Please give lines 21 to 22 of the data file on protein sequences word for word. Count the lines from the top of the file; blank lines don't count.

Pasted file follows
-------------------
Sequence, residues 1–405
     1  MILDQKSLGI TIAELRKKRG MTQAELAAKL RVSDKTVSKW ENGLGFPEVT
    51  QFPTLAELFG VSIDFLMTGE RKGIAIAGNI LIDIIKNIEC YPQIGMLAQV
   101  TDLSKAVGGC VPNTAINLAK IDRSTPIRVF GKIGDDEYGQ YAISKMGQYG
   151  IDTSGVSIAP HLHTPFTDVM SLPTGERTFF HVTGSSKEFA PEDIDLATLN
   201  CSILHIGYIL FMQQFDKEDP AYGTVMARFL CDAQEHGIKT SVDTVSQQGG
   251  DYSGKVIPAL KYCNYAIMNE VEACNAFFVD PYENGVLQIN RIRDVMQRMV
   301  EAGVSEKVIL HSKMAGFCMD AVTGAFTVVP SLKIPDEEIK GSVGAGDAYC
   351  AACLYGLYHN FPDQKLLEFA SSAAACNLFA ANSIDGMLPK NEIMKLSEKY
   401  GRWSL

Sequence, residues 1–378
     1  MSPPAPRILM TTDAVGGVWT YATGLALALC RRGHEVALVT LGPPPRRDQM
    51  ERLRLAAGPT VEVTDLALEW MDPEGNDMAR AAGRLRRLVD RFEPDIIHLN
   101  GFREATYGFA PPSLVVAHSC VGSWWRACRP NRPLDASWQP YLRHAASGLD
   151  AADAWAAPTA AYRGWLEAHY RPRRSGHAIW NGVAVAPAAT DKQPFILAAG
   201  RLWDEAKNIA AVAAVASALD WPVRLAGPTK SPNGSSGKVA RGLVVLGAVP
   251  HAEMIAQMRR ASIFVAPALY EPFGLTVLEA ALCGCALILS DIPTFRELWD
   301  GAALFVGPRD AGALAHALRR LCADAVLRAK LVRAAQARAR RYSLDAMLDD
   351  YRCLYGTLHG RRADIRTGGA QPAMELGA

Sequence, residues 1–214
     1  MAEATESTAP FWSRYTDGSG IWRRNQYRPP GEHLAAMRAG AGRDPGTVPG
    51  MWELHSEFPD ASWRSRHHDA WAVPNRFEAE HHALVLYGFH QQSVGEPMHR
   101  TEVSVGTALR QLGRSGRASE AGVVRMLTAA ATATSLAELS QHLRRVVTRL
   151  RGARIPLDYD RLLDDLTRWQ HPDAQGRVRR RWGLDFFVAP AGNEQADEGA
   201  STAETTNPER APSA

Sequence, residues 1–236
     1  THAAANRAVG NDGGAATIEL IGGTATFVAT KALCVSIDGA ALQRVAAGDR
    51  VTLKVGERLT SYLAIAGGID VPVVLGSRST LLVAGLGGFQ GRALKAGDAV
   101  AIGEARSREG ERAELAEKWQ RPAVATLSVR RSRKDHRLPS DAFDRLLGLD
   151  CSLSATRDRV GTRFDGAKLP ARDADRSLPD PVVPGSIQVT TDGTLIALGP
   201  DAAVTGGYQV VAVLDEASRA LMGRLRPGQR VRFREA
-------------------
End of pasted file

     1  MAEATESTAP FWSRYTDGSG IWRRNQYRPP GEHLAAMRAG AGRDPGTVPG
    51  MWELHSEFPD ASWRSRHHDA WAVPNRFEAE HHALVLYGFH QQSVGEPMHR